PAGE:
During the Renaissance the head of the Medici bank in Florence had, no doubt, an annual income that was at least 1,000 times the spending power of the average Italian peasant. To defend his assets the banker had to go into expensive civic politics, build fortresslike city houses and fortified country villas and maintain a large contingent of armed horsemen. Moreover, he was expected to devote huge sums of money to the glory of God and the splendor of his family by building and endowing churches or private chapels in cathedrals and embellishing them with altarpieces created by the day's leading Tuscan and Flemish painters.


This art patronage was highly competitive and expensive. A Florentine banker might pay heavily to have a painter such as Hans Memling in Bruges produce a major (9-foot-wide) multipaneled work and then have it transported to Antwerp, shipped to Italy and carted overland to Florence, where, once there, it required ten porters just to carry it across the city.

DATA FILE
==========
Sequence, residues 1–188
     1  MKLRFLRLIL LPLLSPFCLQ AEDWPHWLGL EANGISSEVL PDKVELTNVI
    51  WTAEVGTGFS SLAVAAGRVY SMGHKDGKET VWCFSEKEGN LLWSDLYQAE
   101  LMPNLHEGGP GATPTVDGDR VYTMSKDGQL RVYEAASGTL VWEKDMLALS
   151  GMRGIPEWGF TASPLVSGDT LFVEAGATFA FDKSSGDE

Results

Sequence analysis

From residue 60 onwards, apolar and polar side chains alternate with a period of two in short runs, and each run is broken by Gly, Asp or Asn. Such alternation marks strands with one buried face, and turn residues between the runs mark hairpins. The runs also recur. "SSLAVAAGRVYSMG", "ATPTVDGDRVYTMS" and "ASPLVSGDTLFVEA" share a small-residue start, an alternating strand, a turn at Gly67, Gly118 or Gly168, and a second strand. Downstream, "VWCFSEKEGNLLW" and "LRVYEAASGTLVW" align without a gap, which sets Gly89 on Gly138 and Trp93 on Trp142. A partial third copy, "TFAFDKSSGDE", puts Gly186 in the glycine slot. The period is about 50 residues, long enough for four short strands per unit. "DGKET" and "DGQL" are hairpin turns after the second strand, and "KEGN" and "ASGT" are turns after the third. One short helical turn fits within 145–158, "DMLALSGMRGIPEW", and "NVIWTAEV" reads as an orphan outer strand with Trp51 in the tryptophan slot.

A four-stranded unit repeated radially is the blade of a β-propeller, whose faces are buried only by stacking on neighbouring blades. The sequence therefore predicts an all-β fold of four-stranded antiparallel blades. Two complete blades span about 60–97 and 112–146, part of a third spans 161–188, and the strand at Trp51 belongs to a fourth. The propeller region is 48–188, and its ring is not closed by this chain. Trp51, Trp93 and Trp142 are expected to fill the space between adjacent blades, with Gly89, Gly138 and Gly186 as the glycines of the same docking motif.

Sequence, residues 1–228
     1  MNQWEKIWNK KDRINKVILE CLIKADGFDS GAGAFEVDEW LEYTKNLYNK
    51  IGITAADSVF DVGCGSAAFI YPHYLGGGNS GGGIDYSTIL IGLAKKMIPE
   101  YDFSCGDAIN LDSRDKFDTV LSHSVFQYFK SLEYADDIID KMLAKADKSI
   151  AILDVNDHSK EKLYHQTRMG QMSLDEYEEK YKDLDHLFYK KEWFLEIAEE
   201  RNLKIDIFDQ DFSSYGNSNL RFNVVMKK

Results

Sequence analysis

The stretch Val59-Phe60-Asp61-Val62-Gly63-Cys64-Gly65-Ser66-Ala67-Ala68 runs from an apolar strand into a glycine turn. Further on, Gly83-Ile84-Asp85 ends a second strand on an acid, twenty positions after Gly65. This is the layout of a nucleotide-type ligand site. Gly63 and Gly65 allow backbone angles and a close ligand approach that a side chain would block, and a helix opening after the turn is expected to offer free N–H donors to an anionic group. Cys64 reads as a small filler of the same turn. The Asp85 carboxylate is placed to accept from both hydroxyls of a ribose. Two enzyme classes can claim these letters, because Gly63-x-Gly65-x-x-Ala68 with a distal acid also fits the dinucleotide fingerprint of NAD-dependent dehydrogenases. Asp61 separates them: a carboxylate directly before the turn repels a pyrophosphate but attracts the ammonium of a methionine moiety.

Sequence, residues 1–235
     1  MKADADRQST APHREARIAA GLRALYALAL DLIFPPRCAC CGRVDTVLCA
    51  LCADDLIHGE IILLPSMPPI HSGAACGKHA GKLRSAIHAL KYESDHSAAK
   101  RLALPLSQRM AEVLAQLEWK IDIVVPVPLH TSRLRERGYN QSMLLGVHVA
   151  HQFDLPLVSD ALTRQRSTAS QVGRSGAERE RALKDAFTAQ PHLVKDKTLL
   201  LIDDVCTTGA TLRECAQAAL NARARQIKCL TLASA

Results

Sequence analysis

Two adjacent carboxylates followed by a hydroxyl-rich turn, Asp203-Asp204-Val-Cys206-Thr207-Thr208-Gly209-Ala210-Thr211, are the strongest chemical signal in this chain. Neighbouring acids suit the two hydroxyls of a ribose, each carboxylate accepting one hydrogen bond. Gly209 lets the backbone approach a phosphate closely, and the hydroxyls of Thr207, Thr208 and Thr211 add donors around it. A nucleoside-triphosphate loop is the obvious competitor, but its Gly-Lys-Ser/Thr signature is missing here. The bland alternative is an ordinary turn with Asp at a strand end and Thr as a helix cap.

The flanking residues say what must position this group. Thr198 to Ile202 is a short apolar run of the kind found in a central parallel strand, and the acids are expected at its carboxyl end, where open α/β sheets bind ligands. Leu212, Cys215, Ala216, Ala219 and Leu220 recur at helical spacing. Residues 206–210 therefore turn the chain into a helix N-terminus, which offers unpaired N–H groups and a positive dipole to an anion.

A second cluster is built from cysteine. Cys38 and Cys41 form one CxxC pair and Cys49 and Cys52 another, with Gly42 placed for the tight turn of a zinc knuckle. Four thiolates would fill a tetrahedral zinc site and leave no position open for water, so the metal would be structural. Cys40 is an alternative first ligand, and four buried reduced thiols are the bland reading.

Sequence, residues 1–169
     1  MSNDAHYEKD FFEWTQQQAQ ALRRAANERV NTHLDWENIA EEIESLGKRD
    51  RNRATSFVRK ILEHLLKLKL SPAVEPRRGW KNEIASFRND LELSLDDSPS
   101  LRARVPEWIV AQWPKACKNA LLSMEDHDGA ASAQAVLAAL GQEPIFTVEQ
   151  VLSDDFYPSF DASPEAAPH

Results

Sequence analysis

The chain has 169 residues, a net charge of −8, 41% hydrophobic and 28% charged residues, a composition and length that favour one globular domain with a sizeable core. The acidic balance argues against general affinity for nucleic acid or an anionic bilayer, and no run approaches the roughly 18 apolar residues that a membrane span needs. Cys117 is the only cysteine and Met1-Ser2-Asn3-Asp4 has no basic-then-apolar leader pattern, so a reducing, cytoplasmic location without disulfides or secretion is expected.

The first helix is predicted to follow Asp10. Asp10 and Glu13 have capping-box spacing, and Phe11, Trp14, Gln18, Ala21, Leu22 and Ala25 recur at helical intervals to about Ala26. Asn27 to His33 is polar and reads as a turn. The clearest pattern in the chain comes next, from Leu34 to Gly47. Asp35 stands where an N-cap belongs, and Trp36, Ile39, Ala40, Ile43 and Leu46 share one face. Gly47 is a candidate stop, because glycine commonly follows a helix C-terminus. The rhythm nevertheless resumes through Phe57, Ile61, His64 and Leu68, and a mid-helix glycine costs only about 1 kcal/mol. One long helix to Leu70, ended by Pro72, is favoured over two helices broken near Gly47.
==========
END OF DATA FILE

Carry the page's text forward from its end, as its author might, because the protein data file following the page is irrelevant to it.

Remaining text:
In every age the rich have had inescapable obligations concerning their wealth. I've just been reading David Cannadine's biography of Andrew Mellon, the Pittsburgh entrepreneur and banker who founded some of America's greatest businesses and then served as Treasury Secretary for 11 years (1921 — 32). During the last years of his long life Mellon was rewarded for his public service by being prosecuted for imaginary tax evasion by President Franklin D. Roosevelt, a man who, though a lifelong recipient of unearned income, seems to have believed that creating great wealth is somehow immoral. Mellon seems to have spent little of his wealth in self-indulgence of any kind, instead using it to buy works of art that he eventually presented to the nation when founding the glorious National Gallery of Art in Washington, D.C.


I don't believe people earning average incomes are as envious of the rich as media commentary supposes. The kind of relativity people care about is that their incomes rise, their assets are greater than their parents' and their children do even better than they've done.